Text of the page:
A study by Folker Hanusch asked 85 Australian travel writers their opinions on ethics. The study, published in the July 2012 edition of Journalism, showed that 87.1 per cent of travel writers strongly believe their writing should always disclose who paid for the trip. The majority of travel writers (96.5 per cent) also view true accounts of travel experience important.

A study by Folker Hanusch revealed that Australian travel writers view ethics highly. (Laura Hubbard infographic / KJR)

A study by Folker Hanusch revealed that Australian travel writers view ethics highly. (Laura Hubbard infographic / KJR)

But Phinney doesn’t see an ethical issue or need for transparency. As a reader of other travel writing, it’s not something she questions.

“I think readers are discerning and can pick up something that smacks of advertorial,” she says. “I expect the writing to be honest and authentic, and it matters not if the writer paid.”

Phinney writes from her home in Canaan, Nova Scotia. Her desk faces south, overlooking the Tusket River. The critters in her yard keep her company – chipmunks, ducks and a beaver she’s named Big Bertha.

Many of her stories are complimentary because the majority of her trips have been positive. But she doesn’t write positive stories because she feels she has to. If a trip is negative or a meal is “only OK” she doesn’t feel uncomfortable writing about it. It’s just that that isn’t usually the case, she says.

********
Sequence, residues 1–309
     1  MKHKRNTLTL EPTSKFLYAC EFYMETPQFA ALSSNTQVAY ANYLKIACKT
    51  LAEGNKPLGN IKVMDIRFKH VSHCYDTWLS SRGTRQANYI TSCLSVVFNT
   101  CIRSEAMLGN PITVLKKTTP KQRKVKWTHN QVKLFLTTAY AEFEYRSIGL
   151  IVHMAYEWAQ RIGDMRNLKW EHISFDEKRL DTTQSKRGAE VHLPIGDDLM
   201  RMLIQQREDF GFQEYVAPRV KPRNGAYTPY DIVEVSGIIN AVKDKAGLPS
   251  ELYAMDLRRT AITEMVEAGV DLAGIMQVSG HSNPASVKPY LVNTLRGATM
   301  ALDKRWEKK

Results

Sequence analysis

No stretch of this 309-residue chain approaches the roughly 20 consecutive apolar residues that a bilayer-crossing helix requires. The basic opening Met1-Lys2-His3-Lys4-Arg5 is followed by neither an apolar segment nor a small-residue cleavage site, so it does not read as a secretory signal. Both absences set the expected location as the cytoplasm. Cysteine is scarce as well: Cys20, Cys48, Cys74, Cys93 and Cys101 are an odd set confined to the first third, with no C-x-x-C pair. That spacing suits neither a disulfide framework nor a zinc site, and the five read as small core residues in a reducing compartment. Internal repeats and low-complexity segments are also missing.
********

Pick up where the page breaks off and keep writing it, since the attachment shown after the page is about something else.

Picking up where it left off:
But her March 2009 article Into Africa, published in Nova Scotia’s Coastal Life magazine, tells the tale of a not-so-pleasant trip to Senegal, West Africa. She traveled with her sister, but she wouldn’t have written differently had it been a press trip rather than personal travel.

“I don’t need to wax poetic about something,” she says. That piece won the Best Outdoors/Adventure Feature award from the Travel Media Association of Canada in 2009.

“Travel writing is bloody hard work. It’s part of how I earn my living.”

Phinney’s work isn’t limited to travel writing – she also writes profiles, business pieces, advertorials and teaches workshops through the Travel Media Association.

A recent trip to New Brunswick involved interviewing a member of Kayak N.B. who explores ancient portage routes in the province. New Brunswick Tourism paid for her transportation and accommodations. She’ll be pitching this story to Canadian Geographic.

If the story is published, it won’t run a disclaimer about who handled the bill. Dan Rubinstein, Canadian Geographiceditor, says transparency is not a concern for the magazine.

He says he doesn’t “disclose that somebody else has paid for these trips because we are normally selective in choosing the destinations.”

Rubinstein says he wants his writers to be honest, even if that means being critical. The magazine, with its circulation of almost 200,000 (in 2010), holds a high reputation.

But Thomas Swick does see an issue with press trips. He thinks most travel stories are positive because of the nature of the trips.

“They put out the red carpet for you – they make it a very pleasant experience.”

Phinney began travel writing because she thought it was romantic. It wasn’t until she was well into her writing business that she joined the Travel Media Association of Canada.

“I quickly learned that I was not about to get a job with something big and have them send me all over the world. I was just so naïve.”

Phinney says her start in the travel writing business taught her to look in her own backyard for stories. She still enjoys traveling in the Maritimes and writes for many local publications.

Her résumé shows articles in more than 60 publications, yet she hasn’t taken a single ethics course. Nor does she know what the future will offer in terms of her career and ethical exploration.

“Who knows? I may give up travel writing. Or decide it’s like prostitution and that I’m fine with being a whore.”